A voter fraud commission headed by Vice President Mike Pence and Kansas Secretary of State Kris Kobach has asked all 50 states for personal information of registered people: names, addresses, dates of birth, political affiliation, election history, the last four digits of social security numbers, etc. But multiple states are only giving what is legally required, and others have turned down the request.
California, Kentucky, Massachusetts, New York, and Virginia have snubbed the request outright. Others are only giving information that is already publicly available. Oklahoma, for example, won’t give social security numbers. Other states include Connecticut, Georgia, Rhode Island, Utah, Vermont, and Iowa. But even Indiana’s Secretary of State Connie Lawson, a Republican who is part of the voter fraud commission itself, can’t comply with the letter’s full request because state law stops her from doing so.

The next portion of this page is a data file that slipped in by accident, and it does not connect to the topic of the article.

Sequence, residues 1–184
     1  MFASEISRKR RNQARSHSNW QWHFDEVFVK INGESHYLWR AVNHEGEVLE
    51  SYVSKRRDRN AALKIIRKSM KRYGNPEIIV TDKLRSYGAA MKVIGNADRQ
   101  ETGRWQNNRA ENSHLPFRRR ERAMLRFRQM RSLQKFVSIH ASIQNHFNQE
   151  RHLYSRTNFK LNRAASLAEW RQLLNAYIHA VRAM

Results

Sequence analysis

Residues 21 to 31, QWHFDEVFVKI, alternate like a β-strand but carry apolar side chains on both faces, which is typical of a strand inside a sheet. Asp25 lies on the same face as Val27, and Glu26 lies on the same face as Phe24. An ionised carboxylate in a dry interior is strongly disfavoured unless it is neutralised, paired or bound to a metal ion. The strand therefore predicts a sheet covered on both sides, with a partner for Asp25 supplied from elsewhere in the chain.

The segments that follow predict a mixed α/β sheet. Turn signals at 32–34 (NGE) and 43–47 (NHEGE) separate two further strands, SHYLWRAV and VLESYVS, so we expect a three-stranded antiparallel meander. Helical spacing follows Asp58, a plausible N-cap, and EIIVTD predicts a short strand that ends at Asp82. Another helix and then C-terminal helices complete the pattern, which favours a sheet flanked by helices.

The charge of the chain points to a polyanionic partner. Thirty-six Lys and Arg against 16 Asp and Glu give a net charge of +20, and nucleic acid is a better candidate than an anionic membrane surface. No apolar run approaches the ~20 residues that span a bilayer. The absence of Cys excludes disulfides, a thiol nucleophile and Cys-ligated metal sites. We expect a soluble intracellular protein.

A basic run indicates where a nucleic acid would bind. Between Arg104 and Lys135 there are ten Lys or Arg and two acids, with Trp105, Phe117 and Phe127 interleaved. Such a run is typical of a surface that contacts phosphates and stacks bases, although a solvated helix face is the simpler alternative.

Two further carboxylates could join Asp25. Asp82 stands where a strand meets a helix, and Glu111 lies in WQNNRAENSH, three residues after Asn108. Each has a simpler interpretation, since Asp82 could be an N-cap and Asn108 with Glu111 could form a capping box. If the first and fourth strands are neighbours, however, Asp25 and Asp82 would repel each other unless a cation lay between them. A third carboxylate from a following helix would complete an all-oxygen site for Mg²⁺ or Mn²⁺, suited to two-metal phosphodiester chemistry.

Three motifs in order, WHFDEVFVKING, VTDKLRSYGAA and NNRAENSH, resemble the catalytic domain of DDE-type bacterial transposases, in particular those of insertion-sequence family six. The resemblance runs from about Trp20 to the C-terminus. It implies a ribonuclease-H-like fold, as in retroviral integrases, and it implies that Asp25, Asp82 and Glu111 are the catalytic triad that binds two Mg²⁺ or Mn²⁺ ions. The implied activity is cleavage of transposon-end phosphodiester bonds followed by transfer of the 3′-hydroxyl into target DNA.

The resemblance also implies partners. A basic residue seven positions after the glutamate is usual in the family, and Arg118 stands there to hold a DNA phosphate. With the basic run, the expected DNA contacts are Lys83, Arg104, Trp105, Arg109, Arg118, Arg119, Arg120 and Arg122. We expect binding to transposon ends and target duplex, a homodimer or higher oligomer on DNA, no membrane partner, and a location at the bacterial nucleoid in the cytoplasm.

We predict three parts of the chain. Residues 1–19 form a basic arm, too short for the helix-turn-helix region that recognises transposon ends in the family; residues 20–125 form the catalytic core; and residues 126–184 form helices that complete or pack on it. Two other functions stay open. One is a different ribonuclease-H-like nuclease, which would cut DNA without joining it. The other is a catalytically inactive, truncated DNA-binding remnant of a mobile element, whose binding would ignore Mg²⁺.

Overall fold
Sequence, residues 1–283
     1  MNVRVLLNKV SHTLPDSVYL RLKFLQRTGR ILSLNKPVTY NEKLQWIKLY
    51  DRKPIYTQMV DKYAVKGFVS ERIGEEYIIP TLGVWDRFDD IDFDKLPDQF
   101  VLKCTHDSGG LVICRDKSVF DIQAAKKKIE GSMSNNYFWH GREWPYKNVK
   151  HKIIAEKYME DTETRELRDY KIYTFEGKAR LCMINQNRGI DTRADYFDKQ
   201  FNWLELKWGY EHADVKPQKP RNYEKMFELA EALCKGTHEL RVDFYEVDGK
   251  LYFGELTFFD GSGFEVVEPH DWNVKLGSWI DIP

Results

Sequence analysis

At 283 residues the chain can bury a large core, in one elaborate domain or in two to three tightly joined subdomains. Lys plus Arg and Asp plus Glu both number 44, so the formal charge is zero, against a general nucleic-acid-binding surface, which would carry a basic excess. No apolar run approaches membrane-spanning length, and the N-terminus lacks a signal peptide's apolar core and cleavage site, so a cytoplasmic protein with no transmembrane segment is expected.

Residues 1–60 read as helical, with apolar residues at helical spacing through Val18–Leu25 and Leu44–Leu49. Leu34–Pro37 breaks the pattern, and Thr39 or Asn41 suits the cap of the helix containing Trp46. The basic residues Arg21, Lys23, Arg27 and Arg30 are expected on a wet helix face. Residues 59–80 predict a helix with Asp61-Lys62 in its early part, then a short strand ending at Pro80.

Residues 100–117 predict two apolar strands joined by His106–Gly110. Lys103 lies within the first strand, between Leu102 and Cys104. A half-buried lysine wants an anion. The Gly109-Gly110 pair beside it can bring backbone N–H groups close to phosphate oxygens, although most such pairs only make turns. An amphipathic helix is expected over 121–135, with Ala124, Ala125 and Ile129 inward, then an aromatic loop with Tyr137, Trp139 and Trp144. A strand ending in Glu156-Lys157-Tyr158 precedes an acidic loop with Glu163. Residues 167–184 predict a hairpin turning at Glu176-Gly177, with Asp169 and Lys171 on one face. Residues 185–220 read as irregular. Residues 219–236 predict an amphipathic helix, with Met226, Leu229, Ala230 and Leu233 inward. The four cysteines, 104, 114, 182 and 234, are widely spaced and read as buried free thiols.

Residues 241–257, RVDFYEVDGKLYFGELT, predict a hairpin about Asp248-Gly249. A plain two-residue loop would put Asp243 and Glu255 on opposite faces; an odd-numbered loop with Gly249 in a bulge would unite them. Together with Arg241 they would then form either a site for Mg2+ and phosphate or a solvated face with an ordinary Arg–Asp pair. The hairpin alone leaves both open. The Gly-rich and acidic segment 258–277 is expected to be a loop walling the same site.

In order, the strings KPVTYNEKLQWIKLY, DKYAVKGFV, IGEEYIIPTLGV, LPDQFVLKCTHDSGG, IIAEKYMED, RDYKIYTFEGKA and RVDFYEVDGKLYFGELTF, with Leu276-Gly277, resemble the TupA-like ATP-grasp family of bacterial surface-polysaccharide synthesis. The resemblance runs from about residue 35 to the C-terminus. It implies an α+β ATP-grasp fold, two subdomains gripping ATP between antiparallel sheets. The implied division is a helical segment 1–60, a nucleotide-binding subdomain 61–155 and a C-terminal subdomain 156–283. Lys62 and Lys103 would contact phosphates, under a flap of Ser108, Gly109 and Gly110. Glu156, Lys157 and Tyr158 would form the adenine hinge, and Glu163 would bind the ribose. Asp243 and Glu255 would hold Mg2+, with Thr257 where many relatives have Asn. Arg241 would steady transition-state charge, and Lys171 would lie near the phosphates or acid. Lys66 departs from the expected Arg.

North Carolina will give publicly available information, but Governor Roy Cooper, a Democrat, had no nice words for the commission’s work. He said it’s possibly an effort to “justify the President’s false claims about voter fraud.”
Governor Cooper released the following comment after a new federal government commission requested that states turnover voter information: pic.twitter.com/DaCbEXUEjn
— Governor Roy Cooper (@NC_Governor) June 30, 2017
In the months leading up to the 2016 election, Trump said voter fraud was widespread. He said millions illegally voted even after he won, but didn’t provide substantive proof of his allegation. Nonetheless, the president started the voter fraud commission in early May to review federal elections practices.
No one debates that voter fraud exists. It does. The question is whether it’s widespread enough to change results. Such fears have supported voter ID laws. Kobach is a big proponent of such statutes, but many have been shot down in court for being implemented in a racist fashion, used to stop black people from voting.
[Screengrab via CBS]